What Men Want Movie Review
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In the remake we’re not sure who asked for, What Men Want (2019) is played for laughs and reflection. While there are other slightly less on the nose jokes it could have told, it doesn’t feel worn out, and it’s not a bad film at all.
Ali Davis (Taraji P. Henson) has hit the glass ceiling in all aspects of her life – she’s not respected at work, she’s distant wither her best friends, and her romantic aspects likely amount to a lot of one-night stands. After she’s passed over for partner (again) she has a run-in with a local medium (Erykah Badu) and a wild night out, Ali can suddenly hear men’s thoughts, from the benign to the outrageous, and she tries to use them to her advantage to get ahead with predictably disastrous results. Ali has to prove herself by landing the One Big Account, up and coming ball-player Jamal Barry (Shane Paul McGhie) and his super protective father Joe ‘Dolla’ (Tracy Morgan).
Ali’s apparent issue is she doesn’t listen, not to her put upon assistant (Josh Brener), not to her friends (Tamala Jones, Phoebe Robinson, Wendi McLendon-Covey), not to that little nagging voice inside her head telling her to pay attention and breathe. This movie is slanted on “it’s a man’s world” tropes, so everything about Ali’s general attitude towards life is decidedly masculine, from dressing for work to sex, which means it’s tone deaf to things like nuance and substance. This doesn’t become apparent until she meets Will (Aldis Hodge) who’s the man every woman deserves except Ali. He’s a hard-working single dad, looking out for his young son (Auston Jon Moore), but not looking to be cast in Ali’s self-created drama. A lot of the misunderstandings in this movie (like all kinda lazy movies) could have been avoided if people had taken two-seconds to be open and honest with each other – but that doesn’t make for “hilarious” comedy. What Men Want doesn’t make for hilarious comedy, but you’re probably not looking for a thoughtful, measured take on being the lone, well-dressed pinto bean in a pan of toxic rice.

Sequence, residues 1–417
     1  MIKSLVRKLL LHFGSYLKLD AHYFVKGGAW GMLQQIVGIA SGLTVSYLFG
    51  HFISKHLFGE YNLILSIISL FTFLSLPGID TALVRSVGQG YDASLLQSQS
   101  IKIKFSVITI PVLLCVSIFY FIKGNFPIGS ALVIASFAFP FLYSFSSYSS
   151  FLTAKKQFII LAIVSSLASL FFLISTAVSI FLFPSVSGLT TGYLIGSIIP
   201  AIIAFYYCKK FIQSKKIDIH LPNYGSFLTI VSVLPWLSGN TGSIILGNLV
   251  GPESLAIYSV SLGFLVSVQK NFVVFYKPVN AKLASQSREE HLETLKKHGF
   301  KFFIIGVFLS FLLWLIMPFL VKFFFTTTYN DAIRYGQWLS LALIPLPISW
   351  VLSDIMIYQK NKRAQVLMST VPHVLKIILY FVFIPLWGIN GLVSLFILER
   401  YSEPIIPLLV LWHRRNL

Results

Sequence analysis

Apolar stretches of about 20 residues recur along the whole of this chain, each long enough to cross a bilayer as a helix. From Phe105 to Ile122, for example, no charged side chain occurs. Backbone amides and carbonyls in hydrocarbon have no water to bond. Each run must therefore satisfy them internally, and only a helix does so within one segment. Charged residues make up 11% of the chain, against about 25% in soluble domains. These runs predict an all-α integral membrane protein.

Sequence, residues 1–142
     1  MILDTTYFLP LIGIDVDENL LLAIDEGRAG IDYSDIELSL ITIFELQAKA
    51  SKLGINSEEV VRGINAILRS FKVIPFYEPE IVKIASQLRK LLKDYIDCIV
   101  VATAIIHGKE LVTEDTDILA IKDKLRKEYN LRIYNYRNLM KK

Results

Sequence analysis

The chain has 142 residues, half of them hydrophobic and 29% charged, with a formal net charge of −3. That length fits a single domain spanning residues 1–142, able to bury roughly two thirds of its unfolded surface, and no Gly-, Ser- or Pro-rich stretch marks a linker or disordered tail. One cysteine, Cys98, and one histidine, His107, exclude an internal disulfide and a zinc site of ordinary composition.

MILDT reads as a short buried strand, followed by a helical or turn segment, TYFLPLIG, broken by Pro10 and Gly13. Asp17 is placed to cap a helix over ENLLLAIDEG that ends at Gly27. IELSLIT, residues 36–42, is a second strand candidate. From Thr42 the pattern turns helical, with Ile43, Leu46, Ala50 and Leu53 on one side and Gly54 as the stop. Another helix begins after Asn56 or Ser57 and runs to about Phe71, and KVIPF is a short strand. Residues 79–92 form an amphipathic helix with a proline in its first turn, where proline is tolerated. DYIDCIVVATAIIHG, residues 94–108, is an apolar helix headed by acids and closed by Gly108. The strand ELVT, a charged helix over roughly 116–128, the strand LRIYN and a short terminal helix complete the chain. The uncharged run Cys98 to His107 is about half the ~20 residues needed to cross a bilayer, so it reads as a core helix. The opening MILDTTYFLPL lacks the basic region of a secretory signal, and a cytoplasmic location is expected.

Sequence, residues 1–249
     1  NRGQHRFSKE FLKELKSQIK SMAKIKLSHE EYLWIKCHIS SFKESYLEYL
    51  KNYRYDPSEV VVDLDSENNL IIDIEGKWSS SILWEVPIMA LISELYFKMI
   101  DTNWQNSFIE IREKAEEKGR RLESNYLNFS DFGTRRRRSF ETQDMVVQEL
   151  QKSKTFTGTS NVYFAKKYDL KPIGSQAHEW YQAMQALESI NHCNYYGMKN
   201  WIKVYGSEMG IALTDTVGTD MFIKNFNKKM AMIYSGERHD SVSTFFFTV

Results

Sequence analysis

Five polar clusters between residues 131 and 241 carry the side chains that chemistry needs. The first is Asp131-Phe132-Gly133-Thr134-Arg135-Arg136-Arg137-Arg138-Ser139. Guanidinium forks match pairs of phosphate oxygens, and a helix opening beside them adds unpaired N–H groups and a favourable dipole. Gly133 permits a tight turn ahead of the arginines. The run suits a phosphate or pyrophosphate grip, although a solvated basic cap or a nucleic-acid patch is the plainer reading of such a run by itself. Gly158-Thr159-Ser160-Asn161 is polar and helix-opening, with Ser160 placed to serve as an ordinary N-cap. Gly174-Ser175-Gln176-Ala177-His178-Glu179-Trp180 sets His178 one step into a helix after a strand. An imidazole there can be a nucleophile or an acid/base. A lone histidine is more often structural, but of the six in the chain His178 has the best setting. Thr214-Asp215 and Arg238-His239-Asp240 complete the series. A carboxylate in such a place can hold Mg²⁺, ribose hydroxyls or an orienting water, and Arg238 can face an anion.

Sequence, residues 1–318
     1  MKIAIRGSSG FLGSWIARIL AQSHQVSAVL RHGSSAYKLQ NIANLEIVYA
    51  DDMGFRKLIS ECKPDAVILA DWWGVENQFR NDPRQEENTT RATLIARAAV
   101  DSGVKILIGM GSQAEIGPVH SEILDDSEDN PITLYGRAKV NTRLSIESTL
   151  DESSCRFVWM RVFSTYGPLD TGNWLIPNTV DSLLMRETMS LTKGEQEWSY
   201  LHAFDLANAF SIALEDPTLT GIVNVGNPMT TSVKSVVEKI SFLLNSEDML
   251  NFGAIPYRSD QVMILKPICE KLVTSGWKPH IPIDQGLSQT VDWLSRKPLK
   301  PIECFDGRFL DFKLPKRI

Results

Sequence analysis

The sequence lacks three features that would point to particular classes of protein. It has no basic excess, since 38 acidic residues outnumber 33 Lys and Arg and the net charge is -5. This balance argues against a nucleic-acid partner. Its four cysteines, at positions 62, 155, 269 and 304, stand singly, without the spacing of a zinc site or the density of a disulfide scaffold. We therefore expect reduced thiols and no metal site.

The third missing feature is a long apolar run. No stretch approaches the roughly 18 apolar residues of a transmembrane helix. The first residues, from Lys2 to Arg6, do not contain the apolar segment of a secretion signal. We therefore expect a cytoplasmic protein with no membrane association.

Men’s thoughts sort of drop off about the 1/3 point because either Ali can hone her new-found ability or the writers thought it was too complicated to sustain (typical), but that’s okay because Henson can still sell this movie. Despite her general awkwardness with life, she’s genuine and funny and tender and insightful – even without psychic abilities. Her moments with Hodge and Moore (who has amazing timing) feel real and that’s really what we want to see – a solid relationship that works. What Men Want is surprisingly insightful in how it mirrors Ali’s relationship with her company with Ali’s relationship with Brandon, her assistant. It was little moments like that that didn’t make me hate this movie.
There are some sports people in this movie since Ali works for a sports management company, so expect to see Grant Hill, Shaquille O’Neil, Lisa Leslie, and some other people I don’t recognize. It’s also almost 2 hours long, and for what’s happening, it’s probably about 15-20 minutes too long. The climax peaks early in the 3rd act (typical, amirite) and the rest limps along having lost momentum and basically asks if everything is still good and should it keep going and it does anyway and you let it because it’ll be over soon. What Men Want is not a bad movie, it’s just not really good. It’s certainly not the kind of good I’d scribble in my diary and sigh about at odd moments during the day. Nice, but *shrug* just okay. Granted my standards are higher because I know exactly how I like my funny, but someone I know is going to see it and think it’s super funny and wildly fantastic and I hope they are very happy together, mediocre comedy and all.
What Men Want (2019) is rated R for swears, sexy times, implied safe sexy times, weird sexy times (this isn’t kink-shaming, dude was flat-out weird), drug stuff, booze stuff, and the usual gut punch that guys that will smile in your face and stab you in the back to get ahead.